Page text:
E-rate: A Historical Perspective

As E-rate applications for 2016 near their deadline, let's look back at how E-rate has changed over time and why E-rate 2.0 became necessary.

by John Halpin / April 18, 2016

Though this year's E-rate Form 470 deadline has passed, the E-rate process and buying season for U.S. schools and libraries are not yet over. They have until May 26 to file their Form 471 purchase requests with the Universal Services Administrative Company’s (USAC) Schools and Libraries Division (SLD), which is the entity that administers the E-rate program for the Federal Communications Commission (FCC).

Now that we're in the second year of the revised E-rate program, let's take a look back at where we came from and why E-rate needed a major overhaul. 

From funding years 1997 to 2014, the E-rate program changed little from its original mission, which was to connect all schools and libraries to telecommunications and data services. From a school's perspective, the program emphasized services and connections to classrooms to enhance learning. Grounded in the reality of the mid-90s, E-rate set parameters and projections on budgets, what minimum services schools should be able to access, and which services were optional. Denial of service attacks did not exist then. Voice over IP was just a concept. On-premise networks were wired, and the Internet was in its infancy. On top of that, local area networks required neither management nor security to operate safely and effectively.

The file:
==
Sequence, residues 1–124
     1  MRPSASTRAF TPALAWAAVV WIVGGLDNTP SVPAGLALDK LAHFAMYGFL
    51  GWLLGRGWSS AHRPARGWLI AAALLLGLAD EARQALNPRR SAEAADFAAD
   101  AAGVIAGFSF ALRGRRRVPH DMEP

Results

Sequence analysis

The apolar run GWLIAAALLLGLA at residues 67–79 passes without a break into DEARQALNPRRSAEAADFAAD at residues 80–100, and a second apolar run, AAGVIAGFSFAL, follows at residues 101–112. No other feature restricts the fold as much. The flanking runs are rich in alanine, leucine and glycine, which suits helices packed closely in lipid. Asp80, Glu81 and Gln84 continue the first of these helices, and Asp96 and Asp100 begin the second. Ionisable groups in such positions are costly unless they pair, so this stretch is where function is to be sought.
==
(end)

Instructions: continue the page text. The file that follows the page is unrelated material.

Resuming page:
So to stretch E-rate dollars further, the SLD denied services that didn’t directly connect classrooms, including network management and network security services. Over the past decade or so, these services became not only necessary, but vital to protect students, staff and institutional data. But this service denial policy remained in place even after Congress passed the Children's Information Protection Act, which required schools to block or filter Internet access to obscene, pornographic or harmful pictures in order to receive E-rate discounts. The FCC mandated that schools comply with the law's provisions.

That is not to say there were no changes in the program. There were a few. In response to the growing use of virtual servers, USAC began allowing the program to cover virtualization software in 2010. Another change occurred late in the last decade when it became apparent that school districts constantly bought equipment for their high discount schools and moved it to lower discount schools after a year or two. To stem this abuse, the FCC enacted two rules.:

  • The 3-in-5 rule prohibited the same school from purchasing equipment for more than three years in a five-year span; and
  • The three-year installation rule also prohibited schools from transferring equipment to another school within a three-year span. 

These rules helped somewhat, but by 2012, it became apparent that the program needed a major overhaul. Technology had changed, teaching methods and curriculum had changed, and connected learning was integrated into the learning process. More systemic change was needed.

As a result, we have the new revised E-rate program that places a higher emphasis on information connectivity to students and teachers, and less emphasis on how it is done and where it physically resides. These changes reflect how much technology has changed and how education now uses technology.

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